Yellow teeth are a common complaint among dental patients. While it's generally known that smoking cigarettes and drinking acidic beverages can stain teeth, people who practice poor dental habits aren't the only ones at risk. Even those who brush their teeth twice a day and floss once may experience a less-than-white smile. That's because the dentin, the inner layer of the tooth, naturally turns yellow over time.1 Additionally, certain medications necessary for one's overall well-being may also contribute to teeth yellowing.
Whether they're trying to get ready for a big day, such as a wedding, or just want a whiter smile in general, many people will opt for teeth-whitening treatments, both in and out of the dentist's office. Sometimes, whiter teeth can seem too good to be true. That is, many people wonder if the practice is safe and what the real results will be. Here's everything you need to know about teeth whitening:
"Teeth-whitening strips and gels change the color of the teeth."
Over-the-counter whitening products
The health and beauty aisles of stores are filled with teeth-whitening products. They are generally less expensive than in-office alternatives, but the process usually takes longer. Teeth-whitening strips and gels are over-the-counter bleaching agents that contain carbamide peroxide.2 Though they are applied differently, they work essentially the same way. These products change the color of the teeth by removing both extrinsic and intrinsic stains. All over-the-counter bleach whitening products are eligible for the American Dental Association (ADA) seal of approval. Products with this seal meet the ADA criteria by containing 10 percent carbamide peroxide.
The difference between the products? Whitening strips are thin, transparent coated with the whitening gel. They adhere to the teeth and are left on for a specific amount of time on a daily basis for a set number of days. Gel, on the other hand, is brushed directly on the teeth.
Whitening in your daily routine
Teeth-whitening doesn't necessarily have to branch outside your regular routine. Many products you use on a daily basis have whitening additives, including certain toothpastes and mouth rinses. However, these products can attack only surfaces stains and won't change the natural or intrinsic color of the tooth because they do not contain bleaching agents.
Toothpastes inherently whiten your teeth as they clean, but some are made to remove more than just daily bacteria. Toothpastes with extra whitening power typically contain abrasives that polish the teeth and chemicals that break down stains.3 Some of these toothpastes even contain blue covarine, a chemical that creates the optical illusion of whiter teeth.
Your dentist can also perform a professional teeth whitening procedure on your mouth through in-office bleaching. Otherwise known as chairside bleaching, in-office teeth whitening treatments usually take only 30-60 minutes and can be completed in a single appointment. To do this, the dentist uses products with higher concentrations of hydrogen peroxide than those found in over-the-counter products. He or she may use bleaching agents, certain lighting, lasers or a combination of treatments.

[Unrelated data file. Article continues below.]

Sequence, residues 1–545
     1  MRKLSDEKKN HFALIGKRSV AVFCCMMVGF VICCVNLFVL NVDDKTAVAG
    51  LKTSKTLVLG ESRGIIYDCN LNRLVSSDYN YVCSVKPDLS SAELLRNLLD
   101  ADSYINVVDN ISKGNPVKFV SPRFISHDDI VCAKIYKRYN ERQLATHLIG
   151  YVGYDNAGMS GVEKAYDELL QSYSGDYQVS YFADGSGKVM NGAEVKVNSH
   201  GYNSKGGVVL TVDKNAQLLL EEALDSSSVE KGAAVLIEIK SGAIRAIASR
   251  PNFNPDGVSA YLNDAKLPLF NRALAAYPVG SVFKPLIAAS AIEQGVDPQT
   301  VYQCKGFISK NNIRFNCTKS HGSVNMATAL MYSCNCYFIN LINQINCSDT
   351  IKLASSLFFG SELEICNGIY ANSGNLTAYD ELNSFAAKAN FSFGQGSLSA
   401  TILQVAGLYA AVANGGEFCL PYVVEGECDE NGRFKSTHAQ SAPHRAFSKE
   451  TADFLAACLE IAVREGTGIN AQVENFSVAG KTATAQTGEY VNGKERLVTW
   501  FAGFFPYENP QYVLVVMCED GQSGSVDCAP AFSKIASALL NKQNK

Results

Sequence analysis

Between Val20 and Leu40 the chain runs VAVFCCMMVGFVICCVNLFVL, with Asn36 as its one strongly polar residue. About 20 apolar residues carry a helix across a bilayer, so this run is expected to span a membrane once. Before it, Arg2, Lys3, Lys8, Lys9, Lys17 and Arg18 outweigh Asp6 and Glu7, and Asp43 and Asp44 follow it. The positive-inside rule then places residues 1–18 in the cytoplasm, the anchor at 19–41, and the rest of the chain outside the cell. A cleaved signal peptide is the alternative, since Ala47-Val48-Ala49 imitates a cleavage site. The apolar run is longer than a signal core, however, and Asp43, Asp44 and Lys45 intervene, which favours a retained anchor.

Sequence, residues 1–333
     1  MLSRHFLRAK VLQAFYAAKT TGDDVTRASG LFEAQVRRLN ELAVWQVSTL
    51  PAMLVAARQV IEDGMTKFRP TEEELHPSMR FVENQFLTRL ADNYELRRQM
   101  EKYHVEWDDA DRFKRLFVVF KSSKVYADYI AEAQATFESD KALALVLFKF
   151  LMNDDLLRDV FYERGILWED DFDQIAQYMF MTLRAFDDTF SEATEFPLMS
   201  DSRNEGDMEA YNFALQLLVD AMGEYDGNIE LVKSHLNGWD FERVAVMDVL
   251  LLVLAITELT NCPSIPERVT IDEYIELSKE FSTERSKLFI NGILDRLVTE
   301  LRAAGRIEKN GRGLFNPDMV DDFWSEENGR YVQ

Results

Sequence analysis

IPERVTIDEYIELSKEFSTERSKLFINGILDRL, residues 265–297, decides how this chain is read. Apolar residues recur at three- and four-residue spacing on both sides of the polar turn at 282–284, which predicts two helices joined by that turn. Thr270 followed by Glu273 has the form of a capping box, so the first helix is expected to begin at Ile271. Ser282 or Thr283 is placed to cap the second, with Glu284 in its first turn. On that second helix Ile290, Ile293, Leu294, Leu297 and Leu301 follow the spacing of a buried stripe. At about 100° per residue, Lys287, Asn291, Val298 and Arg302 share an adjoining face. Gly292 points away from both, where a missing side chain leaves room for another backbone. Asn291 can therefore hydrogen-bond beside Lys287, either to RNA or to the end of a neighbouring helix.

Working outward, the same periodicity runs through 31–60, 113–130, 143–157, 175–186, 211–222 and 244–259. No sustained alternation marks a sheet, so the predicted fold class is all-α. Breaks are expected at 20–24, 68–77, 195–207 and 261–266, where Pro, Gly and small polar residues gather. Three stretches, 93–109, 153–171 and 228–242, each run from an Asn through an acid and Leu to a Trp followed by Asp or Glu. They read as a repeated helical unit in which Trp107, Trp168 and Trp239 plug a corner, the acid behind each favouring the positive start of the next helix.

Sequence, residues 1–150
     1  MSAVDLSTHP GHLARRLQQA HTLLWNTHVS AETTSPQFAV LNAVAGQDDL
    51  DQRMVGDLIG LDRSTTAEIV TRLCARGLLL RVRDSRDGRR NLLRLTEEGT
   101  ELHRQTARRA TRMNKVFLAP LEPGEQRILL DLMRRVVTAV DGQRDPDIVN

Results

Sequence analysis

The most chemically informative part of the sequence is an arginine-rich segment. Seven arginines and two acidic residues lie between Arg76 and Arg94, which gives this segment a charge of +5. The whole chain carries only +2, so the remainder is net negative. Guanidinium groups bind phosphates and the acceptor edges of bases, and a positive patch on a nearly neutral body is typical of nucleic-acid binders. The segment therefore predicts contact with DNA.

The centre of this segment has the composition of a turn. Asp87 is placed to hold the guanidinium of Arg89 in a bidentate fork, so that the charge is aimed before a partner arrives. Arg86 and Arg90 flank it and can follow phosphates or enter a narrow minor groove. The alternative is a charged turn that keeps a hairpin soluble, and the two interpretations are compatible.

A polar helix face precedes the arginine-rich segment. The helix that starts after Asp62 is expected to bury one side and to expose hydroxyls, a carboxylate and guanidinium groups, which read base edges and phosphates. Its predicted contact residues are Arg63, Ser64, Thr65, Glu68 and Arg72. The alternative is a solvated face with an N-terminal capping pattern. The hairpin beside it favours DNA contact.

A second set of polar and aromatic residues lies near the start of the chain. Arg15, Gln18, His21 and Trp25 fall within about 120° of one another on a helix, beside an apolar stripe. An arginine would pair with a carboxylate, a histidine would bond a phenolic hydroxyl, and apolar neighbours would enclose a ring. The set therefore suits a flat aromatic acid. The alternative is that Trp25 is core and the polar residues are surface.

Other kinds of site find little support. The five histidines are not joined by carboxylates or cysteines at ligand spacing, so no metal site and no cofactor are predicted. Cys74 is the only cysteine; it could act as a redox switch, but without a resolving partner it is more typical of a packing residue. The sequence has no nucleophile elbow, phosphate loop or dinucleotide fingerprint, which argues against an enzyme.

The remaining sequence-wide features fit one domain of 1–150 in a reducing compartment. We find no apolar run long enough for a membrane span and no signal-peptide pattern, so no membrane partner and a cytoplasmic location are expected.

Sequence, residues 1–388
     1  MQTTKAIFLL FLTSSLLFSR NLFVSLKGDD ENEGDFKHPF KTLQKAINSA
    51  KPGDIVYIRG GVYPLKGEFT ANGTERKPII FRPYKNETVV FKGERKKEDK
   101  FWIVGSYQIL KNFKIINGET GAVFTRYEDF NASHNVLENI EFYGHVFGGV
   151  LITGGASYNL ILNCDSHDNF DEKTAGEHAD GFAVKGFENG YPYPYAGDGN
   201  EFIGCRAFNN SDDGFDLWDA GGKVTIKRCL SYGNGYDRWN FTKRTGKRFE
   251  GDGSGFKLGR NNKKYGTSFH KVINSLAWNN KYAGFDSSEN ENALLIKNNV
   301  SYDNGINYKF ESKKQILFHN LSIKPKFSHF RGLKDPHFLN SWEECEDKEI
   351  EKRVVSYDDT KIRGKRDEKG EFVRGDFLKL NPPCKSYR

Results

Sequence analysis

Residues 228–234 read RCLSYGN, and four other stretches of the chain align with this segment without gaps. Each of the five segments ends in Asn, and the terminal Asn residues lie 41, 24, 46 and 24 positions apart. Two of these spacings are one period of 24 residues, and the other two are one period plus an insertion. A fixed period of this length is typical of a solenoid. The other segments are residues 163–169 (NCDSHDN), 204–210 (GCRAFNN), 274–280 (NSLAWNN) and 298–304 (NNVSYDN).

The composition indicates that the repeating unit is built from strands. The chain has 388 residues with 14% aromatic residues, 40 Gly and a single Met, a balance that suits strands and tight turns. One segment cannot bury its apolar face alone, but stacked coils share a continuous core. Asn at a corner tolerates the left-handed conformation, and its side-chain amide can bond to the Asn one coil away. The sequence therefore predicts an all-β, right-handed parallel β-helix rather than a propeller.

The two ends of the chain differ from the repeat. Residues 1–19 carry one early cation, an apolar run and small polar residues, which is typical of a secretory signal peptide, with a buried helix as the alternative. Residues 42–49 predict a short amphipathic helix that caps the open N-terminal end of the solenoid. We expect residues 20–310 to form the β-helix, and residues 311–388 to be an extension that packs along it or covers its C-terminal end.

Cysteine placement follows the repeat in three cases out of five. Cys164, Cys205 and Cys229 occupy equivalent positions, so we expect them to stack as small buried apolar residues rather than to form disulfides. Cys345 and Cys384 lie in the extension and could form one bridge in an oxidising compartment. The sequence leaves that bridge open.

Your dentist can also provide you with tray-based teeth whiteners as a supervised treatment method. He or she will give you a custom-made mold that fits to your teeth. These devices are either prefilled with whitening gel, or your dentist may give you gel with which to fill the tray yourself.4 Tray-based teeth whiteners must be worn for a specific period of time, which may vary from an hour to overnight depending on your oral care needs.
Remember, no teeth-whitening treatment is permanent. By avoiding stain-causing foods and drinks and practicing proper daily oral hygiene, you may be able to extend the time your teeth remain white. However, they will inevitably lose their brilliance and may need to be touched up with further treatments.
When to avoid teeth whitening
Many health professionals warn against whitening teeth if you have certain oral health conditions, including gum disease, worn enamel, allergies, exposed roots and tooth sensitivity. It's also not recommended if you're pregnant or nursing or have tooth-colored crowns and caps in the front of your teeth, which can't be bleached.
It's important to find a dentist and schedule an appointment if you're unsure if your mouth is healthy enough for whitening treatments. Of course, in-office whitening will require consultation with a dental health professional anyway, but you'll want to speak with a dentist even if you're using over-the-counter regimens. Additionally, be aware of the risks that come with do-it-yourself whitening treatments - that is, making gels and pastes from ingredients found in your kitchen. Though there are a lot of DIY options available on the Internet, it's important to talk to your dentist to evaluate whether the ingredients are safe to use and will actually whiten your teeth rather than cause more stains.
Make family dental a priority for everyone in your household. This way, you'll always have a trusted dental professional to whom you can direct questions about whitening or other oral conditions.
1. "Tooth discoloration," Colgate. http://www.colgateprofessional.com/patient-education/articles/tooth-discoloration
2. "Statement on the Safety and Effectiveness of Tooth Whitening Products," American Dental Association, April 2012.
3. "Does whitening toothpaste actually whiten teeth?" Alan Carr, D.M.D., Mayo Clinic.
4. "Teeth whitening trays for a brighter smile," Crest. http://crest.com/en-us/oral-care-topics/whitening/teeth-whitening-trays